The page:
This important book follows landlords and tenants on the lowest end of the population of Milwaukee. It could borrow the title of Joseph Heller's Catch-22, but it's not fictional comedy--it's all-too-real tragedy. Among the catches: A money-strapped tenant is finally ready to get caught up on the rent, but the landlord has decided to make way for a new tenant and evicts the old one. Renters complain about a backed-up sink and, instead of fixing it, the landlord blames it on the tenants and evicts them. One tenant takes in another who has been evicted, is found out by the landlord and--yes, evicted. The landlords have a lot to put up with as well, with deadbeat renters and property damage. Author Desmond gets in close on both sides and relates the tales without hyperbole. (The hyperbole is already built in to the lives of these struggling citizens.) This book will change your perspective on poverty and housing situations in America in the 21st Century.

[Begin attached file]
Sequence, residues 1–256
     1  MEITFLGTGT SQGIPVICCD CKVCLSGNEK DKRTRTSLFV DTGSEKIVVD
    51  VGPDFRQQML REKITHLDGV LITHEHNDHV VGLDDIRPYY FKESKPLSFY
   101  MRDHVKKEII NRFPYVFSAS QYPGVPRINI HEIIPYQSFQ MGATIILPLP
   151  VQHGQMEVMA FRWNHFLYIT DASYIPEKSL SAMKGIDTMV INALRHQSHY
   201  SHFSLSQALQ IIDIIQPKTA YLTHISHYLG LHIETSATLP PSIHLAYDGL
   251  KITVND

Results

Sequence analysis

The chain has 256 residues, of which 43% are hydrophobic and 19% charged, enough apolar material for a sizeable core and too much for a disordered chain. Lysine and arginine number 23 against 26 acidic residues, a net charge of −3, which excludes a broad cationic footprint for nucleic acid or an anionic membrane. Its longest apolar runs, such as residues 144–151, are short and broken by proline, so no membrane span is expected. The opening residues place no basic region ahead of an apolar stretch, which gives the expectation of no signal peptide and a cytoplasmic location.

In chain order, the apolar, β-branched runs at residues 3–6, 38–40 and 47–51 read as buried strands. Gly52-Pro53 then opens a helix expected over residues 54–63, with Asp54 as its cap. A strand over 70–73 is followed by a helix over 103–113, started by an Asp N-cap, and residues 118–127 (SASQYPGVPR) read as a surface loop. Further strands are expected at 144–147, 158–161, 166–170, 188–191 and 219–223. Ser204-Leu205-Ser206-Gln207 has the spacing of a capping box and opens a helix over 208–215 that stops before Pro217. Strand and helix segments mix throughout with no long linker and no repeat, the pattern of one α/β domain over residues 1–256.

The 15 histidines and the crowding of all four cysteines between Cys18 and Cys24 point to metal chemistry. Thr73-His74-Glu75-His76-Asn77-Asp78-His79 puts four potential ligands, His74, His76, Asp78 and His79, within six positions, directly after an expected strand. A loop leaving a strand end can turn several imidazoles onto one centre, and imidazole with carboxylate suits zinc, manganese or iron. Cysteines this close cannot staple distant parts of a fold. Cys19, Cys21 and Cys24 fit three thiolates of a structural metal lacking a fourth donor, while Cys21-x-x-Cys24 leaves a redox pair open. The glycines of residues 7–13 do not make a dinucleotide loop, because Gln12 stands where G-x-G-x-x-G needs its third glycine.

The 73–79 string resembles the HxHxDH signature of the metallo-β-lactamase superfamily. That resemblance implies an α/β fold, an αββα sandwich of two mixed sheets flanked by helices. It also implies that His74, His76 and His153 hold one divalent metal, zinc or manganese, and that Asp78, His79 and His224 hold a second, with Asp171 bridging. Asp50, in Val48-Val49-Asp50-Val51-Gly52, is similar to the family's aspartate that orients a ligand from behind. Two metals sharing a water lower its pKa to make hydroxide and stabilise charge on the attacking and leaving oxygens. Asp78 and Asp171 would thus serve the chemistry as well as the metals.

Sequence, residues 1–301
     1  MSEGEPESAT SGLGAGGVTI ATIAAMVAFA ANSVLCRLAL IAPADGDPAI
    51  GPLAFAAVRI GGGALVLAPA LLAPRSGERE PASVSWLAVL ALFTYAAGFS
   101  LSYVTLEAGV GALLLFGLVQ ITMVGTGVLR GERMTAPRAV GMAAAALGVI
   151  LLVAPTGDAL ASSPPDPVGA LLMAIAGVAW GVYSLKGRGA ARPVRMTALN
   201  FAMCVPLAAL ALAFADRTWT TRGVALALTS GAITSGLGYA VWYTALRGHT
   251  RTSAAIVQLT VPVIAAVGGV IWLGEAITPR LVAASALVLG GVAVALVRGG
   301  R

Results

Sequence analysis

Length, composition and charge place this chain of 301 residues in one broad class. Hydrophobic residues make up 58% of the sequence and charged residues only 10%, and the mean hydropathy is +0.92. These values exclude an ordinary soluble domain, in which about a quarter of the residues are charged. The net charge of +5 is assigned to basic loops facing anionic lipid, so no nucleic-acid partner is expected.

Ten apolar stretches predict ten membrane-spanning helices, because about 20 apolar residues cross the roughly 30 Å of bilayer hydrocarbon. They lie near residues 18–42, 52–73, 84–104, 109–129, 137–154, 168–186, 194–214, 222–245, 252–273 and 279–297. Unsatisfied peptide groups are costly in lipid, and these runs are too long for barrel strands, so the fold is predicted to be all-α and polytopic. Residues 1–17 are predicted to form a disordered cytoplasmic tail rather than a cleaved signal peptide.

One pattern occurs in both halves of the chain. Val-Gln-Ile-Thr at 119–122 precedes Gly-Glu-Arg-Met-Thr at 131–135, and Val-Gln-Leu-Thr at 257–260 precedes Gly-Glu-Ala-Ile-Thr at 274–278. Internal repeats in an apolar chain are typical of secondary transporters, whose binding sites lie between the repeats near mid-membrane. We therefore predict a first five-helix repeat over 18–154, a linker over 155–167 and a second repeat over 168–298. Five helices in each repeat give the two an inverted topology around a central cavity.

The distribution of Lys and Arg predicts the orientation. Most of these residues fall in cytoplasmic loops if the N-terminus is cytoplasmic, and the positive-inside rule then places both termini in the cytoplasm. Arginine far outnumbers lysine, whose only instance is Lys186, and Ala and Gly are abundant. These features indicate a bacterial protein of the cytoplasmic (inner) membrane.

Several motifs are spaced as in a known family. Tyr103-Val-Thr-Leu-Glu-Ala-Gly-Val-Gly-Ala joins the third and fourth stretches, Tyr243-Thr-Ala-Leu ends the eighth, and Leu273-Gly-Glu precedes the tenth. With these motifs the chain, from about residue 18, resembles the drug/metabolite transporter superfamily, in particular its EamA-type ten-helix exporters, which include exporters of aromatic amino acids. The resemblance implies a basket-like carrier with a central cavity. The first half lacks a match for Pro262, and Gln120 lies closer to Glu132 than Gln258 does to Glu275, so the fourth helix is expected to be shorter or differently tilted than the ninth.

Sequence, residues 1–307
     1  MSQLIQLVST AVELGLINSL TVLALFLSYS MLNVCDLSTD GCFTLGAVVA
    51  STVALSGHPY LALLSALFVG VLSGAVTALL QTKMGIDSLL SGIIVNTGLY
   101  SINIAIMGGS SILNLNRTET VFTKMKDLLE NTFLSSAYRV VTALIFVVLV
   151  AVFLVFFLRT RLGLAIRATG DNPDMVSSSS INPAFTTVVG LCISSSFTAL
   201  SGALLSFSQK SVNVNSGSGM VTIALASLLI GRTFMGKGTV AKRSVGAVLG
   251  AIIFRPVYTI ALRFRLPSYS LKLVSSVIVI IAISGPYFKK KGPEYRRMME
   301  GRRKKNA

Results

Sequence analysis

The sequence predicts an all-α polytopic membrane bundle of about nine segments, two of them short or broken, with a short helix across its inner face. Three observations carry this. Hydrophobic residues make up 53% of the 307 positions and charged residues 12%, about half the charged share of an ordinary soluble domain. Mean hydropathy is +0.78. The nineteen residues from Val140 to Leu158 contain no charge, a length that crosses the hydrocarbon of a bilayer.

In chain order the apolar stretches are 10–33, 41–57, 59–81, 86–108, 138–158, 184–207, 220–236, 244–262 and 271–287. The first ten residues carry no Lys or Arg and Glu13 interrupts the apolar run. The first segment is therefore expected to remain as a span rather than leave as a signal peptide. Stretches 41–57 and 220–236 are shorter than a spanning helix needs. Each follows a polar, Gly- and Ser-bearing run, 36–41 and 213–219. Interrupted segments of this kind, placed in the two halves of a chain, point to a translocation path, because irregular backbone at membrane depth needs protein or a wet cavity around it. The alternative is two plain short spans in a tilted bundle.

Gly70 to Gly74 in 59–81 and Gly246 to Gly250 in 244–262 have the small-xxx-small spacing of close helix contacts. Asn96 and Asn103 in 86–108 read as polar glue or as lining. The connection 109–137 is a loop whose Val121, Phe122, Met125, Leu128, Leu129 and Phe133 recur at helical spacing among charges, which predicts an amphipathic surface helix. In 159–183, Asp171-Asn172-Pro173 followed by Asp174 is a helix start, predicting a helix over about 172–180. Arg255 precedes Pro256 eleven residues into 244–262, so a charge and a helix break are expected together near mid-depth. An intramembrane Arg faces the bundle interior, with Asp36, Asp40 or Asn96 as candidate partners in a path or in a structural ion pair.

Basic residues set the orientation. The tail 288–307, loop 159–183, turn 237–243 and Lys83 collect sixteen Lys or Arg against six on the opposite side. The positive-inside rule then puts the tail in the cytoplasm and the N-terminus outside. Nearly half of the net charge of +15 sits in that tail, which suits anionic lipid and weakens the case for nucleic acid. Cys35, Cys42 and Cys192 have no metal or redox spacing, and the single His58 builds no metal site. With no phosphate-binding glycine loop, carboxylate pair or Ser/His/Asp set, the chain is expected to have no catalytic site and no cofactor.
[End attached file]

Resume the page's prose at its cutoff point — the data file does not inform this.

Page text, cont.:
A Harvard sociologist examines the challenge of eviction as a formidable cause of poverty in America, revealing how millions of people are wrongly forced from their homes and reduced to cycles of extreme disadvantage that are reinforced by dysfunctional legal systems.